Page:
The commission suggests that the Office for Budget Responsibility should become a servant of parliament, charged with giving MPs the firepower to hold the chancellor and ministers to account. The OBR emerged in 2010 from a Conservative election manifesto promise and has transformed how fiscal policy is debated. But it focuses on the announced policies of the government of the day, so is unable to aid parliamentarians in weighing up the merits of alternative approaches. For the sake of good governance, its remit could be expanded, so that it is more like the US Congressional Budget Office. Finally parliamentary scrutiny might be strengthened by the creation of a separate Budgetary Committee, easing the burden on the chronically overworked Treasury select committee.

But simply scrutinising the spending allocations is not enough. The commission also calls for a new institution to advise on how to get more out of public spending. We propose the creation of an independent Office of Public Performance to police the quality of public spending and to help build public trust and understanding. Its aim would be to ensure that when decisions are made, as much attention is focused on what they are intended to achieve, as what they cost.

Politicians won’t stop being politicians. But institutional reforms can reduce the extent to which short-term tactics trump sound, long-term thinking. The public need to have confidence that decisions are being taken for the right reasons and the only way for that to happen is to shine more light on the murky process of setting budgets.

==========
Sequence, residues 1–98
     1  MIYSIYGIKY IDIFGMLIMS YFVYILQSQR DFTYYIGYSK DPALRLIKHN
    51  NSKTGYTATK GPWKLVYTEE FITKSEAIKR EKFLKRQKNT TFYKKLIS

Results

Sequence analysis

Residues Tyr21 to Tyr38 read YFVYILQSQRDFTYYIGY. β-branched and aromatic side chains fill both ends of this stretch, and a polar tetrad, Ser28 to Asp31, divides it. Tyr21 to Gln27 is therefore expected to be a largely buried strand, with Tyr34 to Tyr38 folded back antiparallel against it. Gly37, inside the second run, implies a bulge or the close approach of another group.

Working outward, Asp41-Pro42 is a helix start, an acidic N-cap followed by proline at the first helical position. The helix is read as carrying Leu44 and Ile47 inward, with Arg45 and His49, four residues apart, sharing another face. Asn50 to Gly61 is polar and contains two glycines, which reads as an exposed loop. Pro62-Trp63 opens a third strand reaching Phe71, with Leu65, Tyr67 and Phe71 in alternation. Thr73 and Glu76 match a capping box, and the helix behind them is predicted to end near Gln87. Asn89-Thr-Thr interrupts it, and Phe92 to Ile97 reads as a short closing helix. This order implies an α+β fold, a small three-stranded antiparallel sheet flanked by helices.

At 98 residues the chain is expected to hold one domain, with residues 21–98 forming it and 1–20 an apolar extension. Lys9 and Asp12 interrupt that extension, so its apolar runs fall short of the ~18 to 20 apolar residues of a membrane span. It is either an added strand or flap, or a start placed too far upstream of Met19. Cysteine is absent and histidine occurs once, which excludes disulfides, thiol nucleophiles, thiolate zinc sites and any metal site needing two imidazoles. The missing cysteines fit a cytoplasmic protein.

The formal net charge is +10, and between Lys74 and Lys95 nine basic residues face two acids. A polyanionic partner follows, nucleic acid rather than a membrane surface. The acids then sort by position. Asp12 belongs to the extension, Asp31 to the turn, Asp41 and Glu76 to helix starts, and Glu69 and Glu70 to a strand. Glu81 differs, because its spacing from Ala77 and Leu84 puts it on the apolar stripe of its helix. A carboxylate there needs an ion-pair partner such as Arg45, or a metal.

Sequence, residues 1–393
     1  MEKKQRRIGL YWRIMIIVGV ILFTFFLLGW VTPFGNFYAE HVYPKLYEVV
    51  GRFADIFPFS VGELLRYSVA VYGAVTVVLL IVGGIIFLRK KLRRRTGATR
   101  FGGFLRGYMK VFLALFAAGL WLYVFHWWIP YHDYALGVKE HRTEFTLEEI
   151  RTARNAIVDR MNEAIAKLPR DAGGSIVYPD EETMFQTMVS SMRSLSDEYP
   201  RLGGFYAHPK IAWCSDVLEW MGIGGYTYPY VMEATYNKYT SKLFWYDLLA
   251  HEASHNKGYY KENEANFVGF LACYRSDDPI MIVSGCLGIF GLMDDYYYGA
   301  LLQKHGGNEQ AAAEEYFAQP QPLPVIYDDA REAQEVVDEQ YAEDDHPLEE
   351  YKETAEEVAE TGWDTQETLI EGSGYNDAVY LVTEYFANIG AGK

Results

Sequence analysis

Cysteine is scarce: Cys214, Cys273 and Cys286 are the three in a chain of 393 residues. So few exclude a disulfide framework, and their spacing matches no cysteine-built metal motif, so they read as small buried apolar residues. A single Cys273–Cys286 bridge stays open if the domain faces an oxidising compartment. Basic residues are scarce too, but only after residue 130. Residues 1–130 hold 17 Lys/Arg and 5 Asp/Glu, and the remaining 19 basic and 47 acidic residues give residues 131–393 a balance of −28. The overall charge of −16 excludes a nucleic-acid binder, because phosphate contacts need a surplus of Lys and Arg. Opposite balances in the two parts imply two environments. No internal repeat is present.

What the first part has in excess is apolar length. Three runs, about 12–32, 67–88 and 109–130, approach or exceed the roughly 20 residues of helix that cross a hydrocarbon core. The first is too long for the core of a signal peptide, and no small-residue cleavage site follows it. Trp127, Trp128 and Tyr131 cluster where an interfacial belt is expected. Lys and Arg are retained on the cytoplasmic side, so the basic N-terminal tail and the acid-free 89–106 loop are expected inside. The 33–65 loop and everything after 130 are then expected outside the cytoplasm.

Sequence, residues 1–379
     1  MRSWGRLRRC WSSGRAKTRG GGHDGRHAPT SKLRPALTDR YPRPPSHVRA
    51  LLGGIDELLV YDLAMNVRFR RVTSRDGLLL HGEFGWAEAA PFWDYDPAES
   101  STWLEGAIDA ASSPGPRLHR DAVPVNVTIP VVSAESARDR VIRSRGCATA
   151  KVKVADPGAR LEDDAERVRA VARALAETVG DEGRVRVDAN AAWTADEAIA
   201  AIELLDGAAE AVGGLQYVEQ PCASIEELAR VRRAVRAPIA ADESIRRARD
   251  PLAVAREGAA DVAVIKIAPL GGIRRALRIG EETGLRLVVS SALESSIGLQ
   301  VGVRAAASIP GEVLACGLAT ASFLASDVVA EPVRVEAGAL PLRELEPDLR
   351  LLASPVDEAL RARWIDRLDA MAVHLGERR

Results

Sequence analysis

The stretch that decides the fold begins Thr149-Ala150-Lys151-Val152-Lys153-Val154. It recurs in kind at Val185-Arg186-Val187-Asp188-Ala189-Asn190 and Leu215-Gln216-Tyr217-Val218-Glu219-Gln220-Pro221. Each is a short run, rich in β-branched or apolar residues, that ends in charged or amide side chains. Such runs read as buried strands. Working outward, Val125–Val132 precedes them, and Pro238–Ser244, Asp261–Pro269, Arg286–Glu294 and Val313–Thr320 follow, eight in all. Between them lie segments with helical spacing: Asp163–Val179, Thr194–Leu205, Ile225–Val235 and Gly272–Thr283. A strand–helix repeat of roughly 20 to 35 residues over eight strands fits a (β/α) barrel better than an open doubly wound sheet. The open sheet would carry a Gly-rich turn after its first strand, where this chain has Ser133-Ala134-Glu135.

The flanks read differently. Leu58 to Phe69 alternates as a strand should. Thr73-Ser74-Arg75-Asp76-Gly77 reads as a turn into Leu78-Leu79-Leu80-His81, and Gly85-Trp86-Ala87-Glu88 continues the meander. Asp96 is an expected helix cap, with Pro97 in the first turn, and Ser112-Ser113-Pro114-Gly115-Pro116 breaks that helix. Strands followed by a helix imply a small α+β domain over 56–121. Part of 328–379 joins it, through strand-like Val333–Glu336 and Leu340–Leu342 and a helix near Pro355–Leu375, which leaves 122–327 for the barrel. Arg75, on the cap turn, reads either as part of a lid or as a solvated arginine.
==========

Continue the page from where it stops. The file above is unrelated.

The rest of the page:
George Osborne leaves 11 Downing Street in London on 19 June 2013. Photograph: Getty Images.

Andrew Harrop is general secretary of the Fabian Society.

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The dog at the end of the lead may be small, but in fact what I’m walking is a hound of love

There is a new, hairy face in the Hovel.

There is a new, hairy face in the Hovel. I seem to have become a temporary co-owner of an enthusiastic Chorkie. A Chorkie, in case you’re not quite up to speed with your canine crossbreeds, is a mixture of a chihuahua and a Yorkshire Terrier, and while my friend K— busies herself elsewhere I am looking after this hound.

This falls squarely into the category of Things I Never Thought I’d Do. I’m a cat person, taking my cue from their idleness, cruelty and beauty. Dogs, with their loyalty, their enthusiasm and their barking, are all a little too much for me, even after the first drink of the day. But the dog is here, and I am in loco parentis, and it is up to me to make sure that she is looked after and entertained, and that there is no repetition of the unfortunate accident that occurred outside my housemate’s room, and which needed several tissues and a little poo baggie to make good.

As it is, the dog thinks I am the bee’s knees. To give you an idea of how beeskneesian it finds me, it is licking my feet as I write. “All right,” I feel like saying to her, “you don’t have to go that far.”